On April 26, 1986, a reactor at the Chernobyl nuclear power plant in Ukraine experienced a catastrophic failure and resulted in the worst nuclear power disaster in history. The disaster was due to a flawed reactor design and poorly trained plant personnel. The amount of radiation released was at least 100 times that of the Hiroshima and Nagasaki atomic bombs combined, and an area nearly half the size of Colorado was contaminated by the accident.
Over 600,000 emergency workers (referred to as “liquidators”) were drafted to clean up the disaster site and build a sarcophagus over the failed reactor. Robots that were brought in to remove the chunks of highly radioactive reactor fuel broke down, and Soviet military conscripts eventually did the job themselves by collecting the radioactive fuel by hand.
Although Western scientists detected high levels or radiation spreading across Northern and Western Europe, the Soviets continued to deny that an accident had occured at Chernobyl. It wasn’t until April 28 – two days after the disaster – that the Soviet government ackowledged an accident had taken place.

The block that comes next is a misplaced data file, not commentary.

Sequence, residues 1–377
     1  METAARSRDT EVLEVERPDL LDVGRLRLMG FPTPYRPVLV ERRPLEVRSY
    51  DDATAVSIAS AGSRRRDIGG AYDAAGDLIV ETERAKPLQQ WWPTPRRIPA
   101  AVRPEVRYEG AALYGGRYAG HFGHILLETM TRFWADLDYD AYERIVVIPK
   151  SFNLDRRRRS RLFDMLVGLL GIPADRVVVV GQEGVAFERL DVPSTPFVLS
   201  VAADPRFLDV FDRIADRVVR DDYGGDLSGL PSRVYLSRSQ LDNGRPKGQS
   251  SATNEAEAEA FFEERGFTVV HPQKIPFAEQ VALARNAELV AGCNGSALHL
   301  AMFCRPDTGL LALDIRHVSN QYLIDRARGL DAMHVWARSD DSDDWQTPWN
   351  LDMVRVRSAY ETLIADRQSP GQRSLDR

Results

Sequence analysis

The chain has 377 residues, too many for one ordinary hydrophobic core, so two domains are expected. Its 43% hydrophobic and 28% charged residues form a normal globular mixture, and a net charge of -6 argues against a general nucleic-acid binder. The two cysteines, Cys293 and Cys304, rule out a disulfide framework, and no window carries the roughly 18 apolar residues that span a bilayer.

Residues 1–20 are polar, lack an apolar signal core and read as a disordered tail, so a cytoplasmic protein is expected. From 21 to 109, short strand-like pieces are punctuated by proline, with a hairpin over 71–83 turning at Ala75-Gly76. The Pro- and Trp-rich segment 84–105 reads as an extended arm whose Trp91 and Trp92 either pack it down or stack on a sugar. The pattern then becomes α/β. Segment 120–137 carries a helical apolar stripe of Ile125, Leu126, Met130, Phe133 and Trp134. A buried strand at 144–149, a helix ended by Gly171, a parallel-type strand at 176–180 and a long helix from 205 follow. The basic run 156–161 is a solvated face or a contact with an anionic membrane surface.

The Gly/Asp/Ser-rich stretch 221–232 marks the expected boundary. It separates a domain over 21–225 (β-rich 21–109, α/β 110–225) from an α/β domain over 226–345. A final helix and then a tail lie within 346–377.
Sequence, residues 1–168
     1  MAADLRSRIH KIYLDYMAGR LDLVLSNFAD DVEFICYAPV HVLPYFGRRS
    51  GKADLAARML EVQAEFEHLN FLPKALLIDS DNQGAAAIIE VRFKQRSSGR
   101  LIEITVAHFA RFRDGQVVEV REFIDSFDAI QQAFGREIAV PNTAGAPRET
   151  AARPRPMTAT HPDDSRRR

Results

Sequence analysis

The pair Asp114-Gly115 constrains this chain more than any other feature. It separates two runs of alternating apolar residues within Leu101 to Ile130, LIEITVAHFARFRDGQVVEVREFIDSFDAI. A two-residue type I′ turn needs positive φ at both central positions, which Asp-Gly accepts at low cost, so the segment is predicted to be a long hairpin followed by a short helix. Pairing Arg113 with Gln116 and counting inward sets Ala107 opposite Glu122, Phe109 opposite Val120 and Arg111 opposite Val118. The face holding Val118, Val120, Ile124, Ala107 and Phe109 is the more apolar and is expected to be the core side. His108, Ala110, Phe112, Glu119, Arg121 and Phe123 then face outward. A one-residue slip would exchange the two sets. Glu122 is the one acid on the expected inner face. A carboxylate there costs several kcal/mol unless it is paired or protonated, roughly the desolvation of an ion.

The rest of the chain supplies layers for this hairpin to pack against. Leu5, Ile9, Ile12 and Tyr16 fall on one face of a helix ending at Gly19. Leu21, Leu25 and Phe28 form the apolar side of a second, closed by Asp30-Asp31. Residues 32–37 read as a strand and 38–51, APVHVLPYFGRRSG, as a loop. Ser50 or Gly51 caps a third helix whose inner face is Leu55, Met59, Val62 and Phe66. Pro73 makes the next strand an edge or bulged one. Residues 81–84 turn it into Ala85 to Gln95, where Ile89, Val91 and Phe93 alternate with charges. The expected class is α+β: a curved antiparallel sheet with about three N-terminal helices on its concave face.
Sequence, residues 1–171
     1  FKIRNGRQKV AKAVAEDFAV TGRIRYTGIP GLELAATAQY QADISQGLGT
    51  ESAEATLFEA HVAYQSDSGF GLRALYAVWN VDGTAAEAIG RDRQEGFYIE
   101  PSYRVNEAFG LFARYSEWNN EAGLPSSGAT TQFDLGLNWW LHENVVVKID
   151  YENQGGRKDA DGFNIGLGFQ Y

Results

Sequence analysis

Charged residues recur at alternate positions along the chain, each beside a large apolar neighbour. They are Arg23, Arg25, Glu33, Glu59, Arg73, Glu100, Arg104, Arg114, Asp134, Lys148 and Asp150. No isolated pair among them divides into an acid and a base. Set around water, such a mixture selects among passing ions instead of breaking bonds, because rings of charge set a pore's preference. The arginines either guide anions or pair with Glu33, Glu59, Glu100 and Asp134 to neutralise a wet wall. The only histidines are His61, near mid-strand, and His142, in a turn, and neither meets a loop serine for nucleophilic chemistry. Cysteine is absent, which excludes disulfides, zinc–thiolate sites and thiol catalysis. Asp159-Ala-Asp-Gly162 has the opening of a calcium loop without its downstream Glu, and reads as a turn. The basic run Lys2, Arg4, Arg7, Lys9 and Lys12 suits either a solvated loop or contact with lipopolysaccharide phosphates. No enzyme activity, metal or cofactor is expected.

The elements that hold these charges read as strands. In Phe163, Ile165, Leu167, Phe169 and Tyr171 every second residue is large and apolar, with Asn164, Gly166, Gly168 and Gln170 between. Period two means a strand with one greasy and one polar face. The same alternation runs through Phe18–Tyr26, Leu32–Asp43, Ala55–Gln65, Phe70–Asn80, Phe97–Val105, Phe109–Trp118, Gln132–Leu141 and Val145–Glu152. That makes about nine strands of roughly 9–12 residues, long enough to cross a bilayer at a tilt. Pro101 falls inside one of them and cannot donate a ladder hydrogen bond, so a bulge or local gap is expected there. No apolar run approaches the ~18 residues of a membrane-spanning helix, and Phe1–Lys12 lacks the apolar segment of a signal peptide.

Evacuations of the affected areas were slow to occur, and the Soviet government continued to treat the disaster as if it were a relatively minor accident. The Soviet press focused mainly on the upcoming May Day celebrations, and when they actually reported on the Chernobyl accident, they were more concerned with the “lies” and “propaganda” that the West was using to describe the accident.
In the end, over 300,000 residents were evacuated from their homes in the contaminated zone and moved to safer ground. An estimated 25,000 people have died since the incident, and tens of thousands of Ukrainians and Belorussians suffer from radiation related sicknesses.
In December 2000, Chernobyl’s last remaining reactor was finally switched off.
This website has some amazing pictures of what the area surrounding Chernobyl looks like today. Seriously, check it out…very interesting…the photos of the abandoned houses and school in Pripyat are particularly haunting. (Update: I took a trip to Chernobyl in July 2007)
Oddly enough, the most popular keyword that brings people to my site is “chernobyl.” I was kind of perplexed because I had never posted anything about Chernobyl before, but then it occured to me that visitors were doing a Google image search for “chernobyl” and were coming across a picture of the cafeteria food at SPbSPU, which we fondly referred to as “Chernobyl Chicken.”